Thursday, March 6, 2014


“Good” is far too timid a word to describe this book yet it is accurate in that what we would describe as being “good” is so evident in the No. 1 Ladies Detective Agency novels.  There is love, friendship, respect, trust, beauty, observance of tradition, and all are leavened with generous dashes of humor.  After all, who but Alexander McCall Smith would describe a heavyset woman having trouble getting out of a van as being “accustomed to occasional issues of manoeuvrability?”  He has a delightful way with words which is uniquely his own and always brings smiles.

Smith immediately won the hearts of countless readers when he introduced Mma Precious Ramotswe and her founding of the No. 1 Ladies Detective Agency with the initial book in this series.  Life goes on with The Minor Adjustment Beauty Salon, and what a joy it is to return to Botswana!   With this revisit we are reminded that one certainty in life is change even in one of the earth’s most beautiful places.

Mma Ramotswe finds herself confronted with two confounding cases.  One concerns the legal inheritor of an impressive farm - is the young man really who he is presented as being?  The second concerns a new beauty shop owner who has become the object of so much slander that she may lose her recently opened shop.   As Mma Ramotswe ponders these questions she realizes how very much she misses her shoe-loving assistant Mma Makutsi who is now the proud mother of a beautiful baby boy, Itumelang Clovis Radiphuti.  (The middle name Clovis honors Clovis Andersen, author of The Principles of Private Detection.)  The ladies rely heavily upon his advice.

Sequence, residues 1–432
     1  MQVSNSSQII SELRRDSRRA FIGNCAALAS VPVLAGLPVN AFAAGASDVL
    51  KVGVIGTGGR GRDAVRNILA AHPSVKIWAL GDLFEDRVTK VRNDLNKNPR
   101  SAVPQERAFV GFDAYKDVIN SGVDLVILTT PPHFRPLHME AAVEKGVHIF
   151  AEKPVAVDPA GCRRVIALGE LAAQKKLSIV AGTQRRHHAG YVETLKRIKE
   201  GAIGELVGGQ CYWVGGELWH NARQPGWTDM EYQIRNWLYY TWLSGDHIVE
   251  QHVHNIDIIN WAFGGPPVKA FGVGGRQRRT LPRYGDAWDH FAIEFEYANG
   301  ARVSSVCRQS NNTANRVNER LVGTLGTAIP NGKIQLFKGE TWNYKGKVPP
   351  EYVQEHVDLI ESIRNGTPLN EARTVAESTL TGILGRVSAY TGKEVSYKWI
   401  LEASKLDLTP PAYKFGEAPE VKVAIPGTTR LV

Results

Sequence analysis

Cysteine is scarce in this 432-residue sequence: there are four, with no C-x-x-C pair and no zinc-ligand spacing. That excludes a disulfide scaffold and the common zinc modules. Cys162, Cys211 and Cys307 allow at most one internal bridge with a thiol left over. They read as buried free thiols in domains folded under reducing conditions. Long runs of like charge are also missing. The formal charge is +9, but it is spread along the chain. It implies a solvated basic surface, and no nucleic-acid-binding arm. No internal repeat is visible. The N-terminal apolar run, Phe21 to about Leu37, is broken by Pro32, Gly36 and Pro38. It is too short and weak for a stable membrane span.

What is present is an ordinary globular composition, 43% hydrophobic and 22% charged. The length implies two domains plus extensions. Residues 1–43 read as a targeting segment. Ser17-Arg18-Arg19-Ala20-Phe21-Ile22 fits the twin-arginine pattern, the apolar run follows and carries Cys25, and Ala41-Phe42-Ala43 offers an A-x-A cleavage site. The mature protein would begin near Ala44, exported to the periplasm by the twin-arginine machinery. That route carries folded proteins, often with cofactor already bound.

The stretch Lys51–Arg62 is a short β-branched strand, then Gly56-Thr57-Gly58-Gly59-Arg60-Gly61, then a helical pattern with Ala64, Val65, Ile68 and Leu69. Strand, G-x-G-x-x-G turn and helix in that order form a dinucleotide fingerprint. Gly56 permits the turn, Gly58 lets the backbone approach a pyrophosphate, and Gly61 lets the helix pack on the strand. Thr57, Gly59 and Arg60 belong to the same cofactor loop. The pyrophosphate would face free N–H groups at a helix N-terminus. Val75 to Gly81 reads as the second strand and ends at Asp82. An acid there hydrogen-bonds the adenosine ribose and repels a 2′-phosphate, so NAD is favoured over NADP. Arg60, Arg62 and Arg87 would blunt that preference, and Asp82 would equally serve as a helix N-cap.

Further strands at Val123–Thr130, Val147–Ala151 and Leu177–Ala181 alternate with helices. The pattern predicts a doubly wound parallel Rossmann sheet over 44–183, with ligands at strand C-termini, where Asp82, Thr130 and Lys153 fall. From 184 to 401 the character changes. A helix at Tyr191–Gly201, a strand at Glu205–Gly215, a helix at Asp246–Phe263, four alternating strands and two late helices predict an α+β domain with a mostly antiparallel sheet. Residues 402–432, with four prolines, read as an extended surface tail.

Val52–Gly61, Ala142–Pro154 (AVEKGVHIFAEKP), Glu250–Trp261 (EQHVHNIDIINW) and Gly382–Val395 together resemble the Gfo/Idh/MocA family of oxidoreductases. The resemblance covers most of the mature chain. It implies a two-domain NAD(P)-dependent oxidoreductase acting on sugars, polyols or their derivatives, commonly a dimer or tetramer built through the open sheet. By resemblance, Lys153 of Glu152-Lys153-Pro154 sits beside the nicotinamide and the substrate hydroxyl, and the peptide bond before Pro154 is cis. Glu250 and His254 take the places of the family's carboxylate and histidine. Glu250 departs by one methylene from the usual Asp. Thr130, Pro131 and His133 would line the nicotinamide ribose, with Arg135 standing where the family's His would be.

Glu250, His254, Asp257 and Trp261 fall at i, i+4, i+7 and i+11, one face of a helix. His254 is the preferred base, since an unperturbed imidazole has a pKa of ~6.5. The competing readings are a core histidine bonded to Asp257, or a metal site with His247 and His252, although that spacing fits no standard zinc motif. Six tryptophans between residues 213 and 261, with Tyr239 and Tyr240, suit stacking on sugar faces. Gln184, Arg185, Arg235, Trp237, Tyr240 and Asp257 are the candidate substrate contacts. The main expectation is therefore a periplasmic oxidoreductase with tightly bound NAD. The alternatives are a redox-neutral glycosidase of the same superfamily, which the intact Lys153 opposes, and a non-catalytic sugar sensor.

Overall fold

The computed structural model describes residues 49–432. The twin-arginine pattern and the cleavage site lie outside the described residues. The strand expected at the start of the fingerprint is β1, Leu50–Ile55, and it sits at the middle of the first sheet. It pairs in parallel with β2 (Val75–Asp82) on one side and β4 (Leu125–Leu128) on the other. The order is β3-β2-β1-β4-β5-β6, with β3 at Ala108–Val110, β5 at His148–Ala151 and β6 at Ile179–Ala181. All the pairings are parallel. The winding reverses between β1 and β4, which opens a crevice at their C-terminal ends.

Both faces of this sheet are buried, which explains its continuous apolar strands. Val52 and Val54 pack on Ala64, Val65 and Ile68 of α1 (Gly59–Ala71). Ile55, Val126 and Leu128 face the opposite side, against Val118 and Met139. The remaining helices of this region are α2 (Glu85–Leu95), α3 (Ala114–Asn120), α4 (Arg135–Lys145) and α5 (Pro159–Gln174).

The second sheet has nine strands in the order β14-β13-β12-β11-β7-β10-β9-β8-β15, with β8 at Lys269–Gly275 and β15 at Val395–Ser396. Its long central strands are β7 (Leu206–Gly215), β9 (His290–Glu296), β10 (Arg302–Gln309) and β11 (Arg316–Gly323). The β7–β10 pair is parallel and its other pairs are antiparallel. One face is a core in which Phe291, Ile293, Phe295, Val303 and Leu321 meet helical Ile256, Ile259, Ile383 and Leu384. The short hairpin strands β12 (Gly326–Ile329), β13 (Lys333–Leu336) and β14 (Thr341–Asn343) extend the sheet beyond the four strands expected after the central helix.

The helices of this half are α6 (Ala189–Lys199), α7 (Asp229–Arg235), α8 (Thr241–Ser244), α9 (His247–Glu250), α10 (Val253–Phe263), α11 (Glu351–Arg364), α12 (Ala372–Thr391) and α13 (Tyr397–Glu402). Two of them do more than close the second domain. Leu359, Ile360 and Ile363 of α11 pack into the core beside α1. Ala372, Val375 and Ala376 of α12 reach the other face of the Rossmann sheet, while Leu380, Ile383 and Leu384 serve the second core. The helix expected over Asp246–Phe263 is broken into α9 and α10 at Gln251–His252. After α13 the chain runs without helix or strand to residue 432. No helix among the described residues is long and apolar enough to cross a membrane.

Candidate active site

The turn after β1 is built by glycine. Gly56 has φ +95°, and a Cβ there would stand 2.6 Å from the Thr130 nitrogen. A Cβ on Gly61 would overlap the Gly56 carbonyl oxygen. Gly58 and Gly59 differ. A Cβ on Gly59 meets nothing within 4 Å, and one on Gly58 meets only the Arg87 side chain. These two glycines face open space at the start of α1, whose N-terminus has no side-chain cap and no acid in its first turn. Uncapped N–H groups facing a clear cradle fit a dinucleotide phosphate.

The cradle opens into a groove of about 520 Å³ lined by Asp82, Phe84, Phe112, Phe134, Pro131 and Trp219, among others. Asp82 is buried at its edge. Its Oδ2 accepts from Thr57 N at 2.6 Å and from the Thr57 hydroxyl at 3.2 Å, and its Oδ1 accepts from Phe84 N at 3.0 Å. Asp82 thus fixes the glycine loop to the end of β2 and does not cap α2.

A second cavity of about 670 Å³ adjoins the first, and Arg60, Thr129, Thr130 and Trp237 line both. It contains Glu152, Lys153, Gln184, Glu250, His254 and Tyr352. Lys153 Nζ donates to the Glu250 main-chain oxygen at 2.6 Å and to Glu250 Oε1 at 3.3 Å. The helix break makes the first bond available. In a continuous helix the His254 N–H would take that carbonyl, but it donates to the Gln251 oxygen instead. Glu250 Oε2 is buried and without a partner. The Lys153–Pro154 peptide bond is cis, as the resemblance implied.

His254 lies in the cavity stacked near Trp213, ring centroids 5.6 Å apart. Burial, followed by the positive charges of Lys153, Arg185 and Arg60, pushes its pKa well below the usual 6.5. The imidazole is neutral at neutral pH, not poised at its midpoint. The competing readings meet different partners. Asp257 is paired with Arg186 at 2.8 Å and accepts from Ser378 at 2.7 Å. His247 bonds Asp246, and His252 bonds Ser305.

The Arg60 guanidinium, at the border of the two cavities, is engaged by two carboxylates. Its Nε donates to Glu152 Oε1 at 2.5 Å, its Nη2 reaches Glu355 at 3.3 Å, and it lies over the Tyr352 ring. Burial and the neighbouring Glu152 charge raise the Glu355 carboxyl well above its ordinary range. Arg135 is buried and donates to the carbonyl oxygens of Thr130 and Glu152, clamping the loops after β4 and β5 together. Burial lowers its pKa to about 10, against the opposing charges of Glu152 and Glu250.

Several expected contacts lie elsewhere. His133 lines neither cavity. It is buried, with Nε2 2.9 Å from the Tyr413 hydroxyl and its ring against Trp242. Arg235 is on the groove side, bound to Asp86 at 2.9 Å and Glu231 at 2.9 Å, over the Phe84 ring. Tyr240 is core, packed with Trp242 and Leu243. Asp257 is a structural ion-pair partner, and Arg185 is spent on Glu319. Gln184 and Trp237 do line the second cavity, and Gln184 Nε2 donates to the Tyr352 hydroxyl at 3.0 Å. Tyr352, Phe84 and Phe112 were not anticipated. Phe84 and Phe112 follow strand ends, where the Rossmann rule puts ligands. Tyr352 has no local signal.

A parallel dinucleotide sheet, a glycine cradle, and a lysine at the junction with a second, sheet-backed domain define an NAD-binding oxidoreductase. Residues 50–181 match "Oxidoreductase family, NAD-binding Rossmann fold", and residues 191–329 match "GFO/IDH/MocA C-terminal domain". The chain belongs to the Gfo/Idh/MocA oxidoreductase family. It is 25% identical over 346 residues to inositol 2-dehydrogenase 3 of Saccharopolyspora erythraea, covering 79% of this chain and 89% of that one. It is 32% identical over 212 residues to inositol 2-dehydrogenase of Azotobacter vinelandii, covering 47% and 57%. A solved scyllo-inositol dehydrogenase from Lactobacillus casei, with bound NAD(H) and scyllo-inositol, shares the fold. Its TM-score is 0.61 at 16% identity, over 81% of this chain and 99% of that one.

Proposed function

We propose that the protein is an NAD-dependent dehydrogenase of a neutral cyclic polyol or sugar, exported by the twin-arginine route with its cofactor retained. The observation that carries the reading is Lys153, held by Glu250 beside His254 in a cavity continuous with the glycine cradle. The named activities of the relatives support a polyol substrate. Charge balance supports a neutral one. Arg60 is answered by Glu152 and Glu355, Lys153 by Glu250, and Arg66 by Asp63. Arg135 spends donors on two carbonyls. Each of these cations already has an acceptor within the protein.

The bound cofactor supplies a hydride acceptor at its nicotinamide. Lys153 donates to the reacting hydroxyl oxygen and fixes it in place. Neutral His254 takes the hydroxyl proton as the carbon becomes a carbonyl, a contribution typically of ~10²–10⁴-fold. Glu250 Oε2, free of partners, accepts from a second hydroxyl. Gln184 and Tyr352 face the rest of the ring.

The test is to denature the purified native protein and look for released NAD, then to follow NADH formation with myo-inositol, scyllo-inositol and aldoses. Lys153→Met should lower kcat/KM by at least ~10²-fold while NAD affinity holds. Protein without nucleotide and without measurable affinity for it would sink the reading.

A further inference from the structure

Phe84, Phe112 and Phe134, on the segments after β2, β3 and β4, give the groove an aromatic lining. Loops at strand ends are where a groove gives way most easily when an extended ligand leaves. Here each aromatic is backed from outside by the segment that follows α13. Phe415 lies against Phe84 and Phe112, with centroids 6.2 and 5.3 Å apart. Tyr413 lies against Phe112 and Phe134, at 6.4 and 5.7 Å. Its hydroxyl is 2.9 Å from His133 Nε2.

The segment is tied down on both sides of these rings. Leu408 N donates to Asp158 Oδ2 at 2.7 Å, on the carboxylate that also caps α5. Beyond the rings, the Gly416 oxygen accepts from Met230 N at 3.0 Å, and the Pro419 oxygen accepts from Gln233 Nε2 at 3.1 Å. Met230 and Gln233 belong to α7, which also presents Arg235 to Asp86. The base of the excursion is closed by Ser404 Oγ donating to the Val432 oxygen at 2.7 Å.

Mma Ramotswe’s devoted husband, garage owner J.L.B. Matekoni wants very much to please Mma Ramotswe by becoming a modern husband.  To this end he enrolls in a course taught by a rather unlikable teacher.  His attempt at cooking dinner is unsuccessful to say the least but met with understanding and equilibrium by his wife.

Despite the cases that need her attention Mma Ramotswe still finds time for frequent cups of red bush tea and visits to friends, especially one who bakes the best cake and is thoughtful enough to add extra sultanas simply because she knows Mma Ramotswe loves them.

At one point in a conversation Mma Ramotswe finds herself unable to express her gratitude and senses “that our heart is not always able to say what it wants to say and frequently has to content itself with less.”  That is precisely where I find myself with this review - I simply cannot say enough “good” things about this book and eagerly await the next one.

- Gail Cooke

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